Richard Branson’s Struggling Virgin Orbit Gets Another Lifeline

Virgin Orbit's satellite launch business is losing money faster than it makes it.

First UK Rocket Launched From Cornwall
Virgin Orbit launches satellites into Earth’s orbit using a modified Boeing 747 aircraft. Matthew Horwood/Getty Images

Virgin Orbit (VORBQ), a satellite launch startup founded by British billionaire Richard Branson, is living off of the cash reserve of Branson’s other Virgin entities as its satellite delivery business struggles to take off.

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The company recently raised $10 million from Virgin Investments Limited (VIL), an investment subsidiary under the Virgin Group, according to a filing with the Securities and Exchange Commission on Jan. 30. It’s the third time Virgin Orbit raised money from VIL in less than three months, after a $25 million funding round in November 2022 and a $20 million found in mid-December—a sign that the company might be dealing with a cash problem.

All three rounds of new funding were raised in a form of debt known as unsecured convertible notes. These notes can be converted into Virgin Orbit equity under certain conditions and give VIL the the first priority to Virgin Orbit’s assets in case of default, according to the SEC filing.

Virgin Orbit delivers small satellites to low Earth orbit using a modified Boeing 747 aircraft with a rocket attached under one of its wings. During a launch mission, the 747 first flies to about 35,000 feet in the sky and releases the rocket mid-air, where the rocket then propels itself to reach its designated altitude. The method is known as horizontal launch. Branson’s other space venture, Virgin Galactic, uses a similar system to fly tourists to suborbital space.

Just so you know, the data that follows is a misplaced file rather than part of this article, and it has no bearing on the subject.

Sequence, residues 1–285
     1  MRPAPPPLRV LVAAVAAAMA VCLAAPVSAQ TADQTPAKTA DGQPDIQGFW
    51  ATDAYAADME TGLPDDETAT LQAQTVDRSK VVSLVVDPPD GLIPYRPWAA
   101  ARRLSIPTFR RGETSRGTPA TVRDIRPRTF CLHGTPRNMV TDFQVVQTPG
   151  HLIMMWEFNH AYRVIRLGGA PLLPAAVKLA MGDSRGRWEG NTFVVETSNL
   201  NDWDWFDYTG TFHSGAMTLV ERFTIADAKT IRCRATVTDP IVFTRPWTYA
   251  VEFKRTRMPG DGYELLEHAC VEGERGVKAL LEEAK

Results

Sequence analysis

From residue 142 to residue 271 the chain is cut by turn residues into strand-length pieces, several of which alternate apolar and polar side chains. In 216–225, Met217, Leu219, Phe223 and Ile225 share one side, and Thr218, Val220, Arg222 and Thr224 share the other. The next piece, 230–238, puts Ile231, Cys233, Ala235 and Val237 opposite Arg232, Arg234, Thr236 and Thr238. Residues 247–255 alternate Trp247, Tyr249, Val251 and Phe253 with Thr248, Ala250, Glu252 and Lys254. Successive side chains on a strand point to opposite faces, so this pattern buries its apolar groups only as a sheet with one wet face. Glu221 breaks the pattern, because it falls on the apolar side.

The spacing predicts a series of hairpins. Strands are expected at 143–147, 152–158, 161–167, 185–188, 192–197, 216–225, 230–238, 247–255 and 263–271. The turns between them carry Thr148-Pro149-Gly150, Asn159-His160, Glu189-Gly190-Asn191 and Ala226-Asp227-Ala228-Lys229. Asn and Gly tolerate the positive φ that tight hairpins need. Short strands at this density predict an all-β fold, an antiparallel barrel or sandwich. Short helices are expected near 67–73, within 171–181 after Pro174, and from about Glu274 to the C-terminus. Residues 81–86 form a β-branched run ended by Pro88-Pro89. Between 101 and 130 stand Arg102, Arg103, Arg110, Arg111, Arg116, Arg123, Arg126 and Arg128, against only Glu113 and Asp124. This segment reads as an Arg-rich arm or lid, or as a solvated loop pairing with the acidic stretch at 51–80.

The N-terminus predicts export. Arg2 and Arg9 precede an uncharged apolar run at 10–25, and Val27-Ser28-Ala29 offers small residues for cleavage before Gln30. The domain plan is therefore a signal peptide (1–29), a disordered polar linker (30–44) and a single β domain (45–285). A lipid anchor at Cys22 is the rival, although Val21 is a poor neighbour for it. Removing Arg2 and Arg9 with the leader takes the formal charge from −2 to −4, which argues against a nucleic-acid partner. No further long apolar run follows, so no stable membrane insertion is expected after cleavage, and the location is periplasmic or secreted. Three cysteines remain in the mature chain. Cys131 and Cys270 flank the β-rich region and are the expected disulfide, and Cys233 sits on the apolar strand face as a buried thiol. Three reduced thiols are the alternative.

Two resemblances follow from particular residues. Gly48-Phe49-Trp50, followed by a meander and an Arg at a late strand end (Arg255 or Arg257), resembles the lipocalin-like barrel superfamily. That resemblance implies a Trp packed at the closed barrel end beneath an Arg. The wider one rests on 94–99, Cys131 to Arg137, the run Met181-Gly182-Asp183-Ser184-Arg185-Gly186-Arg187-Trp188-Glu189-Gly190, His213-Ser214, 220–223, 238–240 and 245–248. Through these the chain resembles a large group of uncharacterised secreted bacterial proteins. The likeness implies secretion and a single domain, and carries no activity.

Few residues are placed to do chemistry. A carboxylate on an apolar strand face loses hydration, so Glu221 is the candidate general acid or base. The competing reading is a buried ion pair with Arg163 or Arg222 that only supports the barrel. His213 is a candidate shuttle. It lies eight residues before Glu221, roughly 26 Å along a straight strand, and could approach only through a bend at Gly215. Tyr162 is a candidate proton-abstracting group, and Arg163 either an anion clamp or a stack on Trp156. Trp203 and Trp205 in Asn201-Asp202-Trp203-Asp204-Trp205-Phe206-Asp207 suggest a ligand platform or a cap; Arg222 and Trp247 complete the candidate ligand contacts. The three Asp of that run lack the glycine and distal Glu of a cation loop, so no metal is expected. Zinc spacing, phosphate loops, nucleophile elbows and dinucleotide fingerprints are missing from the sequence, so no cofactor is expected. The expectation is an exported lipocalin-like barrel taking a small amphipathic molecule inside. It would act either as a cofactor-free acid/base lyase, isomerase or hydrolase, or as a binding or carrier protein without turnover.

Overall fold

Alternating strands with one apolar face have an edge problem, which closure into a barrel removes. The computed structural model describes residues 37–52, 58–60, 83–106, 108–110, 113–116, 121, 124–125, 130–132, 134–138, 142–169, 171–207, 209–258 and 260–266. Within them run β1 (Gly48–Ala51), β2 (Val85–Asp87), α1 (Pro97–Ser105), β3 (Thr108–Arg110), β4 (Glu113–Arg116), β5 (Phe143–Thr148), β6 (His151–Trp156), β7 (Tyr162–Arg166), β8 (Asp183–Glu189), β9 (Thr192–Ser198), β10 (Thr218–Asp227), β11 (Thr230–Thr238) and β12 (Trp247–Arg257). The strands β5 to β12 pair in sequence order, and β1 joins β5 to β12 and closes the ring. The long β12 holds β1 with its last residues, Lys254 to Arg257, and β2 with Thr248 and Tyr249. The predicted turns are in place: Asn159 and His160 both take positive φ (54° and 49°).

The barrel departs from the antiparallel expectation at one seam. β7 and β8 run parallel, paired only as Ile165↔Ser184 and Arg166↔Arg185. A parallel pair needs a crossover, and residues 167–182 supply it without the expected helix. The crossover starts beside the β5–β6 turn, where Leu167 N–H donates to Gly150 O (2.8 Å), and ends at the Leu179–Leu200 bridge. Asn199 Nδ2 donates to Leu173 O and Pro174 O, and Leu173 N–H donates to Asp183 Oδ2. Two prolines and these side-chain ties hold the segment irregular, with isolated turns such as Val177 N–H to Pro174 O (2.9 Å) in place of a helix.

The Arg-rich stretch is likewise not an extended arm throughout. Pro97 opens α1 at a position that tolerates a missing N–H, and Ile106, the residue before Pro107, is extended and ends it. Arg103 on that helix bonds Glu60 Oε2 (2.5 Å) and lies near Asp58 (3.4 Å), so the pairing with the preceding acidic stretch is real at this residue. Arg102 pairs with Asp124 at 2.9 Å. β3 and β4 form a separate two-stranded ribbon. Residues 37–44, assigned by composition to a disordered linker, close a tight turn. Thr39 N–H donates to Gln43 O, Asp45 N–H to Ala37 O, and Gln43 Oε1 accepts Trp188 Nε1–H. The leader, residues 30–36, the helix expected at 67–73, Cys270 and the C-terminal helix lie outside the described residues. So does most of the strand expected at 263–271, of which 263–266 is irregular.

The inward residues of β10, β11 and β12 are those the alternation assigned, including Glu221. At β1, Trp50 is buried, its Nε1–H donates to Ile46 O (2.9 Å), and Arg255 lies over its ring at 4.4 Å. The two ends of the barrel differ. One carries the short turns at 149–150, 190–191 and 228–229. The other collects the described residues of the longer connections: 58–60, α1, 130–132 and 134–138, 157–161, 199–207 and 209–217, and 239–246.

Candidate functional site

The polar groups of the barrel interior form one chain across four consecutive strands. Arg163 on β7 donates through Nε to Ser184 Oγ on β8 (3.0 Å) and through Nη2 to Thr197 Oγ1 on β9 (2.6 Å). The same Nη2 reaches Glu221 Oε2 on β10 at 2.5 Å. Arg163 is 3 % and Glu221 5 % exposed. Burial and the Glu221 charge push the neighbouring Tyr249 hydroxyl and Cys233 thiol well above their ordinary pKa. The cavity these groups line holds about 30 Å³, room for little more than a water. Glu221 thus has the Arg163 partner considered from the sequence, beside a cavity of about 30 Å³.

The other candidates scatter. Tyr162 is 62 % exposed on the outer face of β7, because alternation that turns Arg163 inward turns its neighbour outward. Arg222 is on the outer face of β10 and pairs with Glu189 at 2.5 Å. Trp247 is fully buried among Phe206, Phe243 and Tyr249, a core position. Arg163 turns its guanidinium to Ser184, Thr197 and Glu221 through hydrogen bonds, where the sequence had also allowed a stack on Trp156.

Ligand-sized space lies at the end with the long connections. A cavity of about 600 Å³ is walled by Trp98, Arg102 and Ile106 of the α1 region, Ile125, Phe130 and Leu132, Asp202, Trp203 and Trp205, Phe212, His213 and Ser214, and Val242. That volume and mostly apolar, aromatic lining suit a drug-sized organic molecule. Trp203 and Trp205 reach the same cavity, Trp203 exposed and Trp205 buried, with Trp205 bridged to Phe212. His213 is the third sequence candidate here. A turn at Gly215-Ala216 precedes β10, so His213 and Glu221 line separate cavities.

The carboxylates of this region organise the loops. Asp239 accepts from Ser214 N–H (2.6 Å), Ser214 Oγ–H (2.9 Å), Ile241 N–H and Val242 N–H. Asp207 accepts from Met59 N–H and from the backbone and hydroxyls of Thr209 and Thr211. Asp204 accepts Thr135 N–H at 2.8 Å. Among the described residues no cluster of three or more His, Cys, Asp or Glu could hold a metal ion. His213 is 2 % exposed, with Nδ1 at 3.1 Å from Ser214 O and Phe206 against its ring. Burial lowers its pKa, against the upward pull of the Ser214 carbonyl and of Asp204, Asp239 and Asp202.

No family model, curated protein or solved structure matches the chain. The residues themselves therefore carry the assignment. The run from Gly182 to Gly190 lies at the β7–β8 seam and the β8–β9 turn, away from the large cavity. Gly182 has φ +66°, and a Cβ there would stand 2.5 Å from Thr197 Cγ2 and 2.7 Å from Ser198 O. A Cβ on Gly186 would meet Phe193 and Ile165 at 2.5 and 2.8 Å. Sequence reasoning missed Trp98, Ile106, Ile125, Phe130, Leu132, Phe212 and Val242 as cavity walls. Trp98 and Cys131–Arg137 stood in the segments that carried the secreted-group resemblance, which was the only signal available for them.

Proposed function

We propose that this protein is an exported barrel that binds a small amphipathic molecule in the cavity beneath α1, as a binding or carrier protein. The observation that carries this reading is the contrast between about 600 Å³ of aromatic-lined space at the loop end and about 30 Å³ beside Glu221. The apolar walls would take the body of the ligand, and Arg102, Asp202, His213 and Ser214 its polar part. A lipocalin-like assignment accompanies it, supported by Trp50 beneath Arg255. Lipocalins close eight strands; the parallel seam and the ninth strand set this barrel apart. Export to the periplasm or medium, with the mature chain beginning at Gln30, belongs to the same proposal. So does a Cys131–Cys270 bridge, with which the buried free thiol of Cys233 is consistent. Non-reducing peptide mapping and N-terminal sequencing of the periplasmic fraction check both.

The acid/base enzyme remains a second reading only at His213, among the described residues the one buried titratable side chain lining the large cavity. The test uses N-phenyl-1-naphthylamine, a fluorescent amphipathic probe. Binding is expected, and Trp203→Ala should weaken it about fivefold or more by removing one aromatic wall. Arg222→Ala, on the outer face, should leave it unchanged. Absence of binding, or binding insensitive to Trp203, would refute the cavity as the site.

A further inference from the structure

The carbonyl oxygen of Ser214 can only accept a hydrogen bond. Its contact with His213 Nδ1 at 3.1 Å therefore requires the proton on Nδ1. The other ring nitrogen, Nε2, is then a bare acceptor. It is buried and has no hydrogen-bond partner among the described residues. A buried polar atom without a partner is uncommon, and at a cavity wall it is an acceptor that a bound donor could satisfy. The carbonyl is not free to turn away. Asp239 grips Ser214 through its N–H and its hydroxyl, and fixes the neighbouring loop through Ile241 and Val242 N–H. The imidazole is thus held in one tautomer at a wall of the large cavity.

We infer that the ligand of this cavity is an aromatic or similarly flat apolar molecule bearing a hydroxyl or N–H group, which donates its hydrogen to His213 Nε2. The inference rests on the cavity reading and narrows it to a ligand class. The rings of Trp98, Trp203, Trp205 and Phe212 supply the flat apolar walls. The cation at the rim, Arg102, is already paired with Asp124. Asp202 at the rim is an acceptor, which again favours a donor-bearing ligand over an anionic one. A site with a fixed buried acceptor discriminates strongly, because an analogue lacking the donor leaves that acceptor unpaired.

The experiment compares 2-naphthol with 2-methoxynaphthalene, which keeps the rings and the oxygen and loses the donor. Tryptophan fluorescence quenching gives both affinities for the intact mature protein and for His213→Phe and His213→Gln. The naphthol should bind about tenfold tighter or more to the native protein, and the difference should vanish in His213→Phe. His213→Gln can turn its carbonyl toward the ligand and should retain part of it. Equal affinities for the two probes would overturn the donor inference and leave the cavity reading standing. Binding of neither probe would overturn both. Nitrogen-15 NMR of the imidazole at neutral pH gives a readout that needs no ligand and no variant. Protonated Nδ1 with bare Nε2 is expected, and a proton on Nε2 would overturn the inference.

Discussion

Three Virgin Orbit launches in two years

Virgin Orbit achieved its first successful flight in January 2021. Since then, it has completed three more missions, one in 2021 and two in 2022. Virgin Orbit boasted a 100 percent launch success rate up until this year, but its slow pace of launches is not financially viable.

In its most recent earnings report, Virgin Orbit recorded a quarterly loss of $44 million on $34 million in revenue for the three months ended Sept. 30, 2022. In the first nine months of 2022, the company lost $140 million and had $71 million in cash at the end of the period.

At its current rate of losses, even with the $55 million in fresh capital raised since September, the company risks running out of money by June this year.

The $10 million funding raised recently will be used as working capital for the company, Virgin Orbit said in this week’s SEC filing. The company didn’t immediately respond to an inquiry to comment about its cash situation.

Virgin Orbit’s most recent mission, attempted on Jan. 9 in the U.K., failed to reach orbit due to an “anomaly” with the rocket’s upper stage engine. The incident is under investigation by the U.K.’s Air Accidents Investigation Branch and the U.S. Federal Aviation Administration. Virgin Orbit is headquartered in Long Beach, Calif.

Virgin Orbit went public in December 2021 in a SPAC merger that valued the company at $3 billion. Its market cap has shrunk by more than 80 percent to $566 million.

Richard Branson’s Struggling Virgin Orbit Gets Another Lifeline